Good Morning Uganda! My first time waking up in Africa was pleasant. It was warm, while not hot, but humid. I unburied myself from my mosquito net, put on my sandals and headed out the door. I found a bright and sunny morning, with flowers and a garden that I had not noticed when we had arrived in the dark the previous evening. I wandered over to the outdoor dining table, and found Georgie, Peace and Melaika, eating breakfast. Barbara came out and quickly offered me everything on the table, introducing me to each of the items in case I had not seen them before. I tried everything – the sliced white bread, the butter, and the milk-tea. The kids were already being rambunctious, and happily included me in their joking. When we had finished eating, we all went to our separate quarters to get ready for church. This didn't take long for me or the kids, so we were all back to goofing around in no time. I was able to snap a photo when all three of them were checking their hair in the large mirror in the living room of the apartment Chris and I were staying in. Soon, Pastor Peter arrived, loudly welcoming Chris and I and receiving lots of hugs from the children. Peter also brought a very exciting item – a wireless router. After about ten minutes of trying, we figured out what the password was for the Wi-Fi, and Chris and I were able to check in online, letting the world back home know that we had arrived safely. After about 15 minutes of Facebook, Collin loaded Chris and I, the three kids and Barbara into the minivan and drove to Kyampisi for church. The ride took about 45 minutes, and showed me even more of the beauty of the Kampala area. We turned onto a dirt road, drove through the village of Kyampisi and arrived at the church. Chris was greeted like an old friend by young and old alike. I was not ignored, as several little ones immediately grabbed my hands and started leading me around the church grounds.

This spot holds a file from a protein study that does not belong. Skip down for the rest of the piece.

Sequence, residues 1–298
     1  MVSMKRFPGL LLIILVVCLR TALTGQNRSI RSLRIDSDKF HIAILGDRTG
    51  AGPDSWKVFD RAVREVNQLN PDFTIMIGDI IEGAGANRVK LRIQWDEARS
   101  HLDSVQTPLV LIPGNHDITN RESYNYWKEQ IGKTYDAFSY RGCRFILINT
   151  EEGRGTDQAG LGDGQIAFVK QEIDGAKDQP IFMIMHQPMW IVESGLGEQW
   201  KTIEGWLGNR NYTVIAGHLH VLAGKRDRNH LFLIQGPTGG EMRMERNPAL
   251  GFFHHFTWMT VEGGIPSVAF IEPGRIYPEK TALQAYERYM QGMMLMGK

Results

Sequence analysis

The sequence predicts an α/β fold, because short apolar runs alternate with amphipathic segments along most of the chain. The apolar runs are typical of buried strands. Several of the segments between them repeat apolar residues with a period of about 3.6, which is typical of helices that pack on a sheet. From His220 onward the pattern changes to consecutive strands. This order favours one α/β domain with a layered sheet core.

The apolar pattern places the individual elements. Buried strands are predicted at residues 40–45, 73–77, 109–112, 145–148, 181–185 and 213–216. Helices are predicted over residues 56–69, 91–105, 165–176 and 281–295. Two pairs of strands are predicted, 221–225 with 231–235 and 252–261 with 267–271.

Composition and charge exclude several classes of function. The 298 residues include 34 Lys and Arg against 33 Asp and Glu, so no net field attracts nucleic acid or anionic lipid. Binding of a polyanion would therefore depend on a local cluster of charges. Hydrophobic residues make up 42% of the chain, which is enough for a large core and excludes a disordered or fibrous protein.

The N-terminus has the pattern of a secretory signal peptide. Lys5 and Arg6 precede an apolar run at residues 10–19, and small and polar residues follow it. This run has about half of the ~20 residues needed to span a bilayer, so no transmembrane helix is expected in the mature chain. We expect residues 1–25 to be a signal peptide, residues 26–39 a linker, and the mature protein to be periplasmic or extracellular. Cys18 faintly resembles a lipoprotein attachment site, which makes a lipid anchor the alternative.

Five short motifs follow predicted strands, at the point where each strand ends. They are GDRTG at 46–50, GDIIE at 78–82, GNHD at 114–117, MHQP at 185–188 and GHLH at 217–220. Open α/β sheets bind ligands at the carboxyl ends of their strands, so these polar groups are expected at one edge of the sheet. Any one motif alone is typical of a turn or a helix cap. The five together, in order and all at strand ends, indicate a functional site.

It looked like the church service had started just a few minutes before we got there, so we were conducted to the front row of plastic yard chairs, and asked to sit, at what was clearly the place of honor. As soon as I sat, two kids hopped up onto my lap, happy to be with me, especially in front of so many of their friends. The church service was very similar to those in America. The first while was spent singing, mostly in the native Lugandan, but one in English. Everything else was bi-lingual, meaning that if the speaker used English, a translator reiterated it in Lugandan, and vice versa. Pastor Peter gave a sermon on Unity, based on the story of the Tower of Babel. I enjoyed what he had to say, but I enjoyed how it was delivered even more, with the two languages being intertwined seamlessly, both Peter and Barbara switching back and forth from English to Lugandan. It was beautiful and powerful.